Jonathan Tremaine Thomas, an African-American pastor from the Ferguson, Missouri, area and founder of Civil Righteousness, believes fasting and prayer in Tulsa are keys to "breakthrough and breaking in there— a whole city that's an altar of pain that's been lost in history."
"I consider myself pretty locked in on American history, but particularly African-American history," said Thomas. "And yet this is a relatively new historical event for me. I'm reading a book right now about it. It's profound to see. It wasn't just riots. They actually had planes dropping bombs on homes and businesses, like a military assault on the Black community," Thomas continued, also an activist, artist, missionary and evangelist.
Pray on MLK, one initiative of Civil Righteousness, is like the solemn assembly in Tulsa.
"The spirit of the sacred assembly is not a new thing, but it's an ancient biblical reality that we see in the Bible in times of crisis. Even in the book of Joel you read that when the nation is in crisis, we're to sound the alarm and gather everyone, all the priests and all the clergy officials, and to weep. It says to gather the old and the young. And to weep between the porch and the altar. Weep in that place, go into the gap between the place of brokenness and the place of healing," Thomas said.
Atlanta House of Prayer and Gate City Church Leader Bill Humphrey agreed.
"The church is supposed to be in the gap of the crisis," said Humphrey. "We're supposed to be in the gap of the pain. We're supposed to be in the gap of the bias, of the prejudice. We're supposed to get in the gap. And if my brothers and sisters are hurting, then I'm hurting. If my brothers are in the gap and they're rejoicing, then I'm rejoicing. But I'm going to be with my brothers and sisters from every culture in the gap, between the two, crying out for mercy in the gap. That's what we're called to be," Humphrey said.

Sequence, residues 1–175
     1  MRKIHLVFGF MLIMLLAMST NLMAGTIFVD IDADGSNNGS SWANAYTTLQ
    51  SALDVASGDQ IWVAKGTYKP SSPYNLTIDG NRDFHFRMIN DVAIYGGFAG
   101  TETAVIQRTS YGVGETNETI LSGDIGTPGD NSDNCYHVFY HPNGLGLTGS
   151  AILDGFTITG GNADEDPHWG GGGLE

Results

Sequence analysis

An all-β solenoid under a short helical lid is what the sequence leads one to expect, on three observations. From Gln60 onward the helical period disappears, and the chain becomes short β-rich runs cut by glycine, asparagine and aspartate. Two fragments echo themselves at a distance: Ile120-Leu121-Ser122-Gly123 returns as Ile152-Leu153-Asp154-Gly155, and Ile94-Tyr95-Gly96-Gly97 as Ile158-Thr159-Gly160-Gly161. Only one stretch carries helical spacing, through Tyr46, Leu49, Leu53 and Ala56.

Dallas-area prayer leader and author Will Ford III, a descendant of slaves, hopes for tears in Tulsa.
"We want to weep with the situation. [God], give us Your heart for the division in our nation. Break our hearts with the things that break Your heart, until we love what You love and hate what you hate. Use a united church to heal a divided nation, God," Ford prayed leading to the Solemn Assembly.
"If weepers become the reapers, give us tears to sow a harvest of souls like this nation has never seen before God. Tip the bowls God, release thunder, fire, lightning, earthquakes in the name of Jesus," Ford prayed.
The Tulsa House of Prayer is partnering with other ministries for the solemn assembly. Its website reads: "Even over the last year, we have witnessed the violence, division and heartache echoing across our nation. We need an answer, and it can only come from King Jesus.
"We are calling a solemn assembly.
"With the same heart cry of the prophet Joel, we are setting a call before the body of Christ to return to Jesus with all our heart, with fasting, and weeping, and mourning. We are pleading Isaiah 61 and John 17 over the city of Tulsa and our nation as we intercede to see biblical justice and Christ-centered unity manifest. As we unify under the banner of our heavenly Father, we long to see the Holy Spirit poured out on all flesh."
Steve Rees is a former general assignment reporter who, with one other journalist, first wrote about the national men's movement Promise Keepers from his home in Colorado. Rees and Promise Keepers Founder Bill McCartney attended the Boulder Vineyard. Today Rees writes in his free time.